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Another Anonymous MA for ya, GS turns

post #1 of 26
Thread Starter 
I know the resolution ain't great, got to figure that out, but anyway, take a whack at this guy, especialy watch the transition in the last frames

www.modernskiracing.com/Schlope_flats_slomo.wmv

Yeah, is on a Schlope (so I can't spell slope, some guy on the flats)
post #2 of 26
Rename the file...
post #3 of 26
Oh, ya big tease!

edit,, OK, there it is.
post #4 of 26
Thread Starter 
Quote:
Originally Posted by HeluvaSkier
Rename the file...
Sshh, most people won't even know who that is I left it in on purpose
post #5 of 26
Thread Starter 
V1man, help. PM me about the video :
post #6 of 26
I'd like to see the full speed version. I bet he is hauling. Little bit of an up move in that transition...
post #7 of 26

I'm hungry

Mr. Gary, I'm hungry. After we have cheese sandwitches can we take a nap and then play "Teddy Bear, Teddy Bear,Turn Around????

Have meds kicked in yet for that guy or are you trying to frighten people from your clinics?
post #8 of 26
Please post a higher-res and bitrate version, if possible. It's really hard to tell what is going on.
post #9 of 26
Thread Starter 
Quote:
Originally Posted by doublediamond223
Please post a higher-res and bitrate version, if possible. It's really hard to tell what is going on.
Yeah, I've got to get with the guys at V1 and find out what the problem is

Here is the full resolution .avi. It is about 30 Megs, for you folks with Broadband it should download in about 3 minutes, well worth it.

www.modernskiracing.com/1-30-Run4.avi


Let's hear some MA's on this run!

By the way, for you skiers on or considering joining the EpicBears Nastar Team, this is the best video you can ever watch for NASTAR appropriate tactics and skiing (as demonstrated by a pretty good skier).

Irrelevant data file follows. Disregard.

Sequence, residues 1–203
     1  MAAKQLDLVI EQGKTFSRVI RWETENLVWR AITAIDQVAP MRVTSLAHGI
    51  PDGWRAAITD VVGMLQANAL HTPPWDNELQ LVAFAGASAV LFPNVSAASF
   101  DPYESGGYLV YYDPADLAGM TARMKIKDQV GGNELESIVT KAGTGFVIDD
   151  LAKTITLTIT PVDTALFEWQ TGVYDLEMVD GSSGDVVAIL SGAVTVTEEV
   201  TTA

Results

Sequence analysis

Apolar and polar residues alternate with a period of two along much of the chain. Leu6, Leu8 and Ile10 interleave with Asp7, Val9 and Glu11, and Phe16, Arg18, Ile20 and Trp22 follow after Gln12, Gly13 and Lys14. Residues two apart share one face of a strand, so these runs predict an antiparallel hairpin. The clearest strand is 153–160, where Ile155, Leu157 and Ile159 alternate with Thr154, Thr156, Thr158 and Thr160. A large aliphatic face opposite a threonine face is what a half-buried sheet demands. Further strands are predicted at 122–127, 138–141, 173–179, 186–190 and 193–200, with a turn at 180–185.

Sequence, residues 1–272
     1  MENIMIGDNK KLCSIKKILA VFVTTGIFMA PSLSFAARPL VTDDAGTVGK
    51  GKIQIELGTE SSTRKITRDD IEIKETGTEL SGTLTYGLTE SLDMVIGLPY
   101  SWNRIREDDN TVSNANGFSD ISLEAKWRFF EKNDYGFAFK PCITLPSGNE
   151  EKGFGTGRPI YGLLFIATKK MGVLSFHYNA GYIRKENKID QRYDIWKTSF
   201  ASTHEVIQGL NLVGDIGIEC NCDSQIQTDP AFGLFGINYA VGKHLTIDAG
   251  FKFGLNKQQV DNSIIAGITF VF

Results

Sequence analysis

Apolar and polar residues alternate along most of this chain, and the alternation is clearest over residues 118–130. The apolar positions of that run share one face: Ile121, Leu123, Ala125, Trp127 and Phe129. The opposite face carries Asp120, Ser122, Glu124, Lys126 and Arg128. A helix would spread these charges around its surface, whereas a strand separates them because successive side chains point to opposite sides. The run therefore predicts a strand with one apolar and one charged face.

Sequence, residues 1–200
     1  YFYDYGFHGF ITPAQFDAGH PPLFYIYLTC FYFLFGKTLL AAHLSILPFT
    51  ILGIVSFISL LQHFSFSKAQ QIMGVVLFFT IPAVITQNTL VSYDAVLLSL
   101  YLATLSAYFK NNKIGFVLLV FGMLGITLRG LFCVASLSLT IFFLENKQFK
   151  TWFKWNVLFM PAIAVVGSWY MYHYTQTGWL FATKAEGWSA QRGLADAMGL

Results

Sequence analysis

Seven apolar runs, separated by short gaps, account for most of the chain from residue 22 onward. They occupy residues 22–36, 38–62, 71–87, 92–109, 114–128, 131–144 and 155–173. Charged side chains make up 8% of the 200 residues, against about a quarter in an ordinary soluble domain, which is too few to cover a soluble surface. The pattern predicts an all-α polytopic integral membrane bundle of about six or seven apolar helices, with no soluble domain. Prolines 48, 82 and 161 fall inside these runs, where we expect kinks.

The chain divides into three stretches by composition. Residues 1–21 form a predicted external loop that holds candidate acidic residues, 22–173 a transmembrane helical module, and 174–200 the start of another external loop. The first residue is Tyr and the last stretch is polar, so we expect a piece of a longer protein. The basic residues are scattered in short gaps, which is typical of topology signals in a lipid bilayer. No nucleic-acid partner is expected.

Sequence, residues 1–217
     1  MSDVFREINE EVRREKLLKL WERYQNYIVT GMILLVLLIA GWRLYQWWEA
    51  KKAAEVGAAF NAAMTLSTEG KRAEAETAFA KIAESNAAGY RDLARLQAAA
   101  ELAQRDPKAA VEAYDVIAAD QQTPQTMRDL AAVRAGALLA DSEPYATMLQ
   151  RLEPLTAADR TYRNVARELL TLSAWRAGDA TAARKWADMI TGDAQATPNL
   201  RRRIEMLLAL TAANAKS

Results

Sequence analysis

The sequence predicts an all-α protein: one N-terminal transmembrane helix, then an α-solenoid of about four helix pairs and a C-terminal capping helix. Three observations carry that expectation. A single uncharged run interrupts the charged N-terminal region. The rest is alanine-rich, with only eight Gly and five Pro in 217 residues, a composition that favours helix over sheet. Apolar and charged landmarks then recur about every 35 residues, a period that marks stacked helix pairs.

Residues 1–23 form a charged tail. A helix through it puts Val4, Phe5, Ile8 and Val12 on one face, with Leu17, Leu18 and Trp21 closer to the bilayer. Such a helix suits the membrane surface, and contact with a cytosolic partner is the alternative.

post #10 of 26
I too, Gary, would like to hear how people define those transitions. Care to chime in yourself?
post #11 of 26

Buy stock in race gates manufacturers

Is it my imagination or is Schlopy WAY inside the rut coming out of the last gate?

Wide stance, great angulation, clean release, good early edge engagement. I'm wondering if he needs to have his arms open as wide as they are coming out of the last turn.
post #12 of 26
Quote:
Originally Posted by Gary Dranow
By the way, for you skiers on or considering joining the EpicBears Nastar Team, this is the best video you can ever watch for NASTAR appropriate tactics and skiing (as demonstrated by a pretty good skier).
Don't worry though, the courses are WAAAAYYY easier, and the speeds WAAAAYYY slower.
post #13 of 26
Nice footage. Rick, I think I noticed immediately where you are going with the transition thing... Accept for the last transition; it's not in that one.
Later
GREG
post #14 of 26
Thread Starter 
Quote:
Originally Posted by Rick
Don't worry though, the courses are WAAAAYYY easier, and the speeds WAAAAYYY slower.
Oh, yeah, did I forget to mention ES is only motorvating about 50 MPH. I have video of him down Gotcha Face, eventually I'll get that up when I can compress these files and keep the quality up.

These angles should give you an idea of HOW FAST this young man skis downhill.

Now you see folks, this is what I consider "good skiing". Heck, I'm one of the 6 people allowed up on the lift with him, so I'm right there. My point, this other stuff that's being sold, its not the real deal. This is and we all can learn from this and integrate what you'll see on these clips in our skiing, on the course, on the hill and off piste. Don't be fooled again





Just a tease of what is to come my friends
post #15 of 26
Thread Starter 
Quote:
Originally Posted by Rick
I too, Gary, would like to hear how people define those transitions. Care to chime in yourself?
No, I wouldn't, some things speak for themselves I do want to hear MA's from others, however.

By the way, he is one of the nicest, most accesible, humble guys you'll ever meet. This IS the role model for our kids. I hope he gets a good break at the Olympics and skis to his incredible potential. HE IS GOOD FOR THE SPORT.
post #16 of 26
Thread Starter 
Quote:
Is it my imagination or is Schlopy WAY inside the rut coming out of the last gate?
Yeah, that was one sweet move. He was just a bit inside of his last line. We had two or three slipers so that may be what you are seeing. That run was his fastest of the day (we had timing going).